6. Production of Autmobies

Cars allow people to move faster, traverse more considerable distances, and access previously inaccessible things. 

Despite this, automobiles have harmed the cosmos; transportation services account for more than a third of global greenhouse gas emissions. 

Air pollution has become so dangerous that it is responsible for approximately 800,000 people each year.

Not to mention vehicle-related accidents, which claim the lives of approximately 1.1 million people each year. 

Road construction devastates biological units, and automobiles emit a great deal of noise, driving many species away from their natural habitats placing them in jeopardy of extinction.

7. Littering

Litter has several harmful consequences, including the obstructing of waterways. When plastics are dumped inappropriately, they migrate towards rivers after heavy rains and eventually wind up in drainage pipes and sewer systems. 

After a period, the trash clogs the filters installed in the pipes, causing the pipes to burst. Another effect is that it provides a haven for disease vectors to hide, reproduce, and multiply. The vectors eventually multiply in quantity, spreading diseases to animals and people.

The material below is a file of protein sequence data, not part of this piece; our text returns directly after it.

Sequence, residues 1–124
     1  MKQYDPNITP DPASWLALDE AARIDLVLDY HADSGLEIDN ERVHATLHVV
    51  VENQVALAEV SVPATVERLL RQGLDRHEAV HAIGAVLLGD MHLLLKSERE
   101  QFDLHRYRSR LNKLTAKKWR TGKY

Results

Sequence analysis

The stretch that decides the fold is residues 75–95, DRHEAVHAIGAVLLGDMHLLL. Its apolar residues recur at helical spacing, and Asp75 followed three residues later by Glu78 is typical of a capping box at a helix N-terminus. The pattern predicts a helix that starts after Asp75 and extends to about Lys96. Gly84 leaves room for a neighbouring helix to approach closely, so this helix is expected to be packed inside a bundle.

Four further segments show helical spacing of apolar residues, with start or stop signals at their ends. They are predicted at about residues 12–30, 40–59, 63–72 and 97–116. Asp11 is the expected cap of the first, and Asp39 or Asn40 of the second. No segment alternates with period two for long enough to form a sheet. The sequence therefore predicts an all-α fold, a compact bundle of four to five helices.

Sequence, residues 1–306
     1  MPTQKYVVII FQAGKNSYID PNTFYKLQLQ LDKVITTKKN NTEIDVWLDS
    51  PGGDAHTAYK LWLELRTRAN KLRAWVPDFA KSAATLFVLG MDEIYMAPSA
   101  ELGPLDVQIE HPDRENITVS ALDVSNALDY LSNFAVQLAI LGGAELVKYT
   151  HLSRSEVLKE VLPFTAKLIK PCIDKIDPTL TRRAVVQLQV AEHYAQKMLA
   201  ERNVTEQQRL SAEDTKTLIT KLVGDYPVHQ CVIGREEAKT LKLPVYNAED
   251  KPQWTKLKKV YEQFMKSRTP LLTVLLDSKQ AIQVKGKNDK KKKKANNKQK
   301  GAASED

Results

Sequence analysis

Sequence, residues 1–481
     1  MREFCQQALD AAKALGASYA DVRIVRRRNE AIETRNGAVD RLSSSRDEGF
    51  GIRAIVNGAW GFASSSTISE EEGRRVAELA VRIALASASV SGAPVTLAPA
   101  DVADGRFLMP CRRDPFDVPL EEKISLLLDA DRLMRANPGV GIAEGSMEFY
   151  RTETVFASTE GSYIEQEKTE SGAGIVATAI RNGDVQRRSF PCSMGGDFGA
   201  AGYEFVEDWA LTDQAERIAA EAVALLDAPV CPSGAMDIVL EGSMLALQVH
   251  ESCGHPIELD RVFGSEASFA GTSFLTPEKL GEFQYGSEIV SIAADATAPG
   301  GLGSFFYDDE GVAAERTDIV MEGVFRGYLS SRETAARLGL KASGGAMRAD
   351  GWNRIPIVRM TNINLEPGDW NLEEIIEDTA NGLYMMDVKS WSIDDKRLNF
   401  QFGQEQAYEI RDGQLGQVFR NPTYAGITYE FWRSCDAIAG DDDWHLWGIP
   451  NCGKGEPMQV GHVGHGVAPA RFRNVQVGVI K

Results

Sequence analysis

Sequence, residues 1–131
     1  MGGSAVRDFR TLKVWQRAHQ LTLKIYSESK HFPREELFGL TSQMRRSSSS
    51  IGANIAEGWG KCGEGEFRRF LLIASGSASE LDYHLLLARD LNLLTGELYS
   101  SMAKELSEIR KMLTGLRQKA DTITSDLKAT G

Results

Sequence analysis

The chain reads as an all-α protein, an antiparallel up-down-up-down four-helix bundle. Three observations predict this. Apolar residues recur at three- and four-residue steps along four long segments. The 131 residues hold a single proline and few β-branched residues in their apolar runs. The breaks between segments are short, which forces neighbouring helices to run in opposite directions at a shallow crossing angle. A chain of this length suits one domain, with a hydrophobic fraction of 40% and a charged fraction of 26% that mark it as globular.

8. Oil and gas drilling

offshore oil drilling setup - human-environment interaction
Offshore Oil drilling setup| Detailing by Helen Sheplyakova

Oil and gas are extracted for a variety of purposes. On the other hand, oil and gas extraction has several negative consequences for the environment. 

Oil spills have significant financial products; they disrupt transportation and hurt residents; when birds become oiled, they lose their ability to seek food, essential for their existence.

Individuals are also exposed to unsafe seafood as a result of spills. Offshore drilling produces waste materials that poison aquatic species when they enter the water. 

While drilling for oil, the potential of being hurt and dying is always present. Storms and drilling mishaps have claimed the lives of countless people. The oil and gas drilling activities have similar long-term effects on the environment.